Words can have a powerful effect. It’s important to choose your words carefully. Speak softly, honestly and gently. You may be giving someone a powerful gift that keeps on giving. After all, you never know when you may be in need of some encouragement. Recycle the gift.

Be healthy!
Cheryl Ilov. PT, GCFP

Habits, constraints, and neuroplasticity….let the learning begin!

In my martial arts class, we often practice something called “randori”. One student stands in the center of the room while the other students form a circle around them and take turns randomly attacking the person in the middle. It’s kind of like the Ninja version of monkey in the middle. And it scares me to death. It is my least favorite training activity, but my incomparable stubborness won’t let me opt out. And besides, the guys would make fun of me if I refused to play with them.

Last week, after we completed our randori, just as I heaved a sigh of relief, Sensei said, “We’re going again.” He looked at me and said, “And you are not allowed to do the same techniques. I want you to find new ways to react to each attack.” My response to that constraint was not very mature or Ninja-like. I threw a hissy fit.  Apparently my little temper tantrum didn’t phase him. Either he is immune to them or I need to work on my hissy fit skills. Anyway, he wouldn’t budge. Sheesh, I thought I was stubborn!

Before we began, he had me stop, breathe and relax. Not an easy task when you are surrounded by men waiting to attack you. Against my better judgment, I listened to him. Then I took my place in the middle of the circle and let the games begin. The attacks started coming. And something very interesting happened. I felt new movement patterns come forth without even trying. My reactions were more thoughtful, meticulous and less effort. I discovered that I had a lot more techniques under my belt (so to speak) than I knew I had. I was calmer, my breathing was easier, my chest felt softer, my movements were more fluid. I felt myself responding in a visceral, organic way.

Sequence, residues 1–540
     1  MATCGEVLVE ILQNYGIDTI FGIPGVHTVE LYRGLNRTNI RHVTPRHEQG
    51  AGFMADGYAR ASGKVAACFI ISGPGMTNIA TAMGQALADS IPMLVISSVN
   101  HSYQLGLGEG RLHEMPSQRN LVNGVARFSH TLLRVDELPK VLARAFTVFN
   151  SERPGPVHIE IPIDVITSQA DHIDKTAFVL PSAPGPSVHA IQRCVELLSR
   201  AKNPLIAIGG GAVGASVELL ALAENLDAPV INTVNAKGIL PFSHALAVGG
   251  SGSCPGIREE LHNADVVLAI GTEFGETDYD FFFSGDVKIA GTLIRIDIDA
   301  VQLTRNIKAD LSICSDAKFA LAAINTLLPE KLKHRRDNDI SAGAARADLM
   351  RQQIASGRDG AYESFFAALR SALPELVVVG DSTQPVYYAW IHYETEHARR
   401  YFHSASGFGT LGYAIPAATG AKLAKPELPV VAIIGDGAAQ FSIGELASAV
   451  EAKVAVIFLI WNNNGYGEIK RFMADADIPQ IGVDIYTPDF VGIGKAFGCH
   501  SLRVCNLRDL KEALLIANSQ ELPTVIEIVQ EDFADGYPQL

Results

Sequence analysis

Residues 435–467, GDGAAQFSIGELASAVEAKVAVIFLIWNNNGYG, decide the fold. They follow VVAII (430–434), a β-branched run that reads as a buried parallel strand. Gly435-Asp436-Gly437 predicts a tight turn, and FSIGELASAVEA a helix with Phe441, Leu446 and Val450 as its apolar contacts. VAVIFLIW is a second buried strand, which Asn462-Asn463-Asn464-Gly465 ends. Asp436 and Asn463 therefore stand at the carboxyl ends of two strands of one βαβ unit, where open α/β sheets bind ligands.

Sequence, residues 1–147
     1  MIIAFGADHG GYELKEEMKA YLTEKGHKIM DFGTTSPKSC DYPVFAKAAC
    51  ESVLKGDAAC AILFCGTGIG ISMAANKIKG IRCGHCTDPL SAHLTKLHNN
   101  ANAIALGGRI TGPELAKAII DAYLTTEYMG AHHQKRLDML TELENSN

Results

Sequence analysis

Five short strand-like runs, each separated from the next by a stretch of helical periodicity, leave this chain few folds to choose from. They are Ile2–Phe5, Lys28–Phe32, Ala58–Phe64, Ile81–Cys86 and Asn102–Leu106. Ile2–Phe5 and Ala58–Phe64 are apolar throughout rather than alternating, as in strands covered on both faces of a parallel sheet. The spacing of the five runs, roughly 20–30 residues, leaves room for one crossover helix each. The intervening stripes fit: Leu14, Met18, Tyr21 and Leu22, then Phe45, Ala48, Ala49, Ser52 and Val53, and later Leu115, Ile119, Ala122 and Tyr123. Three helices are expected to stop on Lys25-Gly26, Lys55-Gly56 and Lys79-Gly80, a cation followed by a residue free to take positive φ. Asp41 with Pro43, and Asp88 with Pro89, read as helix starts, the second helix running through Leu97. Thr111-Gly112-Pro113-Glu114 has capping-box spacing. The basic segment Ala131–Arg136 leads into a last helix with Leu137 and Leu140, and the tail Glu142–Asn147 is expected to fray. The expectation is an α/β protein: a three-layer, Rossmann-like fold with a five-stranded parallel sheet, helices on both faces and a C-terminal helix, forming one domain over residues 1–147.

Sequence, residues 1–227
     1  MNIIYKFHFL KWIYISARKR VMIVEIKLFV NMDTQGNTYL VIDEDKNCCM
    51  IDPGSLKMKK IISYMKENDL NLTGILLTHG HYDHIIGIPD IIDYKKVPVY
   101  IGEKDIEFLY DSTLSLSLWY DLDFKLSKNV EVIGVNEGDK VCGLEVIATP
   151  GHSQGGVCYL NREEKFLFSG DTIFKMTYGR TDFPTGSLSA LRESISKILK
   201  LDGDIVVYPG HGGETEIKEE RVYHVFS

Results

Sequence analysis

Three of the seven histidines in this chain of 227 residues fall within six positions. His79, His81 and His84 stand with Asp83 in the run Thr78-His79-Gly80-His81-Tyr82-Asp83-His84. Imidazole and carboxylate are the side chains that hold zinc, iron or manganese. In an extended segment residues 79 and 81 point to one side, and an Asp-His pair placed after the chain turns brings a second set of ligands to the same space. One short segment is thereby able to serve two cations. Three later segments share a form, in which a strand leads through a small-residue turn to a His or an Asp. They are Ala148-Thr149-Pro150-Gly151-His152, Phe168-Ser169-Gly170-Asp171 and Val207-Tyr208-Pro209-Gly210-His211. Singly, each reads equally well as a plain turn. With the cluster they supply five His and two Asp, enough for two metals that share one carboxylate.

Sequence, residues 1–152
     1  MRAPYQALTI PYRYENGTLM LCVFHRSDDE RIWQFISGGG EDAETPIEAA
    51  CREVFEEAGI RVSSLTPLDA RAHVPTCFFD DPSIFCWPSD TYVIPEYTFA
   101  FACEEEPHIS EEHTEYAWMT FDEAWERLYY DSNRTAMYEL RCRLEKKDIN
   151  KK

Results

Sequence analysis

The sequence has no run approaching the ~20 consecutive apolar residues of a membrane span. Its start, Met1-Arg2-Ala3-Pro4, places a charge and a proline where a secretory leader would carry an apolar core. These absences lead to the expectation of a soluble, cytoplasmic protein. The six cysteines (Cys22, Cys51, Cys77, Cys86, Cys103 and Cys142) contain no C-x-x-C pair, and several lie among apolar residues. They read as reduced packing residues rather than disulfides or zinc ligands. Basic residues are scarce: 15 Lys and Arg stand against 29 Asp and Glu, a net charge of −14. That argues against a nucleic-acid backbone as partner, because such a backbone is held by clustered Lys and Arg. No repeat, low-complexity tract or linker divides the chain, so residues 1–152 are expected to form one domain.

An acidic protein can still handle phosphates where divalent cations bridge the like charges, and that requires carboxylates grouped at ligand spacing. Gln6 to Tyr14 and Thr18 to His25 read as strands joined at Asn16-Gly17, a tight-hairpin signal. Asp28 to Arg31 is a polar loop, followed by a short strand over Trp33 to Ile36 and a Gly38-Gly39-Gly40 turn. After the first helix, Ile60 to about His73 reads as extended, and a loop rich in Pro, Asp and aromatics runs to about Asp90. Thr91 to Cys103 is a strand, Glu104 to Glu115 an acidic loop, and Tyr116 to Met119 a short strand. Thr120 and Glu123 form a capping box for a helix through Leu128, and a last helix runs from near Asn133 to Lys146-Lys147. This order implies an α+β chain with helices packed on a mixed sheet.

By giving me that one small constraint,  my Sensei gave me the opportunity to interrupt my habits explore new movement patterns, and discover new sensory patterns.  He did this in an environment that was safe, supportive and non-judgmental. What ever I did, it was not right or wrong, good or bad, just opportunities to learn. Hmmm….this sounds familiar. Why does this sound like  Feldenkrais? Because it is. The Feldenkrais Method(R) gives us the opportunity to learn new patterns of moving, sensing, thinking and feeling in an environment that is safe, supportive and non-judgmental. What Sensei did that day was absolutely brilliant! But let’s keep that to ourselves, shall we? We won’t tell him I said that. After all, if I encourage him, who knows what devious new methods he will use to help me learn and grow. Hmmm….on second thought, maybe I will tell him!

Ninjas at Play

And the journey continues….

It takes a tremendous amount of courage for a woman to walk into a testosterone infested  Dojo and begin training. It also takes an enormous amount of trust. I had neither. I was scared to death for the first two years. However, the guys were incredibly tolerant, gentle and patient with me. Most of the time I was the only woman in class, and they dutifully took turns working with me. I thought that was awfully magnanimous of them. I soon discovered that it was because I was prettier and smelled better than any of the guys, even on my worst day. They had plenty of opportunities to work with each other, and they seemed to enjoy tossing me around for a change.

Even though I was enjoying the classes, I was still incredibly intimidated. I was a good student, not because I was interested in going up through the ranks, but out of a strong sense of self preservation. In keeping with my good humor and to hide my perpetual state of terror, I hid my fear by setting some ground rules. So, I told the guys that they were permitted to kick me, punch me, throw me and pin me, but for Heaven’s sake, don’t mess up my make up. That would make me mad. After all, we all have our limits, and it’s good to set boundaries.